Thursday, September 8

The Bone Yard – Jefferson Bass

Bill Brockton is called away from his home under the University of Tennessee’s bleachers to Florida in the height of summer, at the request of forensic analyst Angie St. Claire – she’s convinced that her sister’s death, attributed by the coroner to suicide, was really a murder committed by the dead woman’s husband.
What promises to be a relatively quick trip is lengthened when an adolescent skull is found in the panhandle – decades old and damaged by time and predation, it bears the unmistakable signs of violent death. When a second skull, of similar age, vintage and trauma, appears Bill has to investigate. What he discovers reopens a dark and disturbing chapter in Florida’s history – and reveals a cycle of abuse that persists to this day.
I found this the most powerful in this six-part (to date) series. This is in part because it’s stepped away from the family aspect of Bill Brockton, which I was finding distracting, but mostly because of the subject matter. The heart of The Bone Yard is institutional child abuse, and the novel is a strong argument for change to a system that, particularly for young back men, compounds misfortune, poverty, youthful indiscretion and poor parenting, creating a perfect breeding ground for abuse, escalating crime, diminishing options, and a growing prison population. For anyone inclined to dismiss this as a problem of the past, disturbing contemporary cases are also discussed.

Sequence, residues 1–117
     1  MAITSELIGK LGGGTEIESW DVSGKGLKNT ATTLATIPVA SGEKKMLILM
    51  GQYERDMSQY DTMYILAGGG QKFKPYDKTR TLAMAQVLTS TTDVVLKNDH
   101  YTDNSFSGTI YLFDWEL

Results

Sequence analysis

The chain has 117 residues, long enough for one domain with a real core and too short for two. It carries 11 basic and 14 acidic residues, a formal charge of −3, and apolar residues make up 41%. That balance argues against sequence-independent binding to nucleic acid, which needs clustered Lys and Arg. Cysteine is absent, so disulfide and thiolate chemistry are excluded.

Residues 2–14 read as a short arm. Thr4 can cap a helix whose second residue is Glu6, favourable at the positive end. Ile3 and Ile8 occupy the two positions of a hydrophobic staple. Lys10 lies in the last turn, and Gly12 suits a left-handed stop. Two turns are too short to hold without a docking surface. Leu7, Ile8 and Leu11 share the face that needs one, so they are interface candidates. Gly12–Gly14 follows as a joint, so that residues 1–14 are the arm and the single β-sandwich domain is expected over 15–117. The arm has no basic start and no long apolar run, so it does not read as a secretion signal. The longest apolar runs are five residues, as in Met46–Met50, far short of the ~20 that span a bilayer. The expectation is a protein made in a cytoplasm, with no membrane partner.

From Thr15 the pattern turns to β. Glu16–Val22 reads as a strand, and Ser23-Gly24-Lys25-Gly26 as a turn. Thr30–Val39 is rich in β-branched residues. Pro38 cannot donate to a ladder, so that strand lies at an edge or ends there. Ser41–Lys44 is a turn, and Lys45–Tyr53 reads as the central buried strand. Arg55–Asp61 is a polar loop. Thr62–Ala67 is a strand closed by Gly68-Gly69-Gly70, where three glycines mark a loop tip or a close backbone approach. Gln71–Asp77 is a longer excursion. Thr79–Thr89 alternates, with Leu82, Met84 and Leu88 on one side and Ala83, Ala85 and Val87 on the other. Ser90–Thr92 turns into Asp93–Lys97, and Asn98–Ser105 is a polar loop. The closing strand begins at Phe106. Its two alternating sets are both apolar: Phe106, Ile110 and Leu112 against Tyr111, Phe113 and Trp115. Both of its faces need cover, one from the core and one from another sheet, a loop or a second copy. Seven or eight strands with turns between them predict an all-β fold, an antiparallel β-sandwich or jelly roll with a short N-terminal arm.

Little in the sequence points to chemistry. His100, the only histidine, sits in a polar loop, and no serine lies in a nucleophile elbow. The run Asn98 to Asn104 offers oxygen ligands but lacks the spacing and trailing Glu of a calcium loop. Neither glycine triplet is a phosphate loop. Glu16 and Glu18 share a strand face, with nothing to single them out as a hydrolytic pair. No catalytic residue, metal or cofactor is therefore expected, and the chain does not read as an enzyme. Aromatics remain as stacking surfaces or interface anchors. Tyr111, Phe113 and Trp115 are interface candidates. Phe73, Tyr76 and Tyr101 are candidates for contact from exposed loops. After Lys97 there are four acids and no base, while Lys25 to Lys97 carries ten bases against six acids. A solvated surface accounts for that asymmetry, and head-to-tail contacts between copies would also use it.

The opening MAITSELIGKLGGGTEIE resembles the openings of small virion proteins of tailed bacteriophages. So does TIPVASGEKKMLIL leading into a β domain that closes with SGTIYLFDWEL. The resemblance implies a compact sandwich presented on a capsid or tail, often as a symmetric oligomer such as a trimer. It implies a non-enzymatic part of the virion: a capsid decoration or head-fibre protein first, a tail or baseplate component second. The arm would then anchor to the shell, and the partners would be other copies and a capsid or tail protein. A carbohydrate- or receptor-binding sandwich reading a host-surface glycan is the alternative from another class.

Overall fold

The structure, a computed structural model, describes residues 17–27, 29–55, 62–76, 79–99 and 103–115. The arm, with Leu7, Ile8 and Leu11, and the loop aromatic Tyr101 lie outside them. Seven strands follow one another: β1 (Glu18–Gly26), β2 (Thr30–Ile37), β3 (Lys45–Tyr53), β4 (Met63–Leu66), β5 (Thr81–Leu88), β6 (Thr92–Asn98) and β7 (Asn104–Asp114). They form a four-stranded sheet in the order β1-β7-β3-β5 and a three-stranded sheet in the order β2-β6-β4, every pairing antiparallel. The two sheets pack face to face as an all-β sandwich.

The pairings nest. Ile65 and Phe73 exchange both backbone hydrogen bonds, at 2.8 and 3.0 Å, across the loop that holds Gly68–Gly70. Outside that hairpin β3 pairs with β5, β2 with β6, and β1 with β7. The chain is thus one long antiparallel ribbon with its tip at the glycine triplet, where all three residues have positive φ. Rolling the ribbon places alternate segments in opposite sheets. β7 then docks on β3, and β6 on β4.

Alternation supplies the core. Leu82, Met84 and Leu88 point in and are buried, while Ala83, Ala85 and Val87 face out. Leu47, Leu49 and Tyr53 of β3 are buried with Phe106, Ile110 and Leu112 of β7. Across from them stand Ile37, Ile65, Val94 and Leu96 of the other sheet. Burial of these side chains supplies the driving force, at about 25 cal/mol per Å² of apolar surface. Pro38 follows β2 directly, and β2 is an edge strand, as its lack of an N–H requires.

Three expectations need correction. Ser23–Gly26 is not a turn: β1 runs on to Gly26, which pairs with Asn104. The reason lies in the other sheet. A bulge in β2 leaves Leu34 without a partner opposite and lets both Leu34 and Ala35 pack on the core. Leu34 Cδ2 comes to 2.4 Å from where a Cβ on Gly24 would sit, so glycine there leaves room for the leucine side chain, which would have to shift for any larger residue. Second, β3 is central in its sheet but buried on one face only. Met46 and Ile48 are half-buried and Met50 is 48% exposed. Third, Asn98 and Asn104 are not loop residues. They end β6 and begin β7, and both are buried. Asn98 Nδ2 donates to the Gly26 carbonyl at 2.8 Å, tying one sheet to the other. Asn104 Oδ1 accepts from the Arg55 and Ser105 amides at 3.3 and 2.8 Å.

This is a novel, and the key message, along with a plea for better financing of forensic technology, is interwoven with a strong novel. There are also some light notes; I particularly liked the scene, clearly influenced by experience of police phone lines, when a press release about the first skull asks for anyone with information about a missing child (white, aged ten to twelve, and missing for months or even years) to call:
“We’ve had a few calls, including one from a guy who says that he’s the missing child.”
I laughed. “Did he say how he manages without his skull?”
“No,” Vickery deadpanned, “but I’m guessing the lack of a skull makes it a lot easier to go through life with his head up his ass.”
I was a little disappointed with the fifth novel in this series, and was relieved to find that my return was worth it - The Bone Yard combines an interesting mystery with a strong social message, including enough forensic detail to be genuine without becoming overly technical. The discomfort I had in Brockton's personality last time is not in evidence this time around, and the slightly more soapy aspects of the character arc (father/son issues and a pregnant ex-girlfriend fleeing from the law) are mercifully backgrounded. It is with relief and genuine excitement that I look forward to the release of book seven. - Alex

The Bill Brockton series:
Carved in Bone
Flesh and Bone
The Devil’s Bones
Bones of Betrayal
The Bone Yard
The Bone Thief

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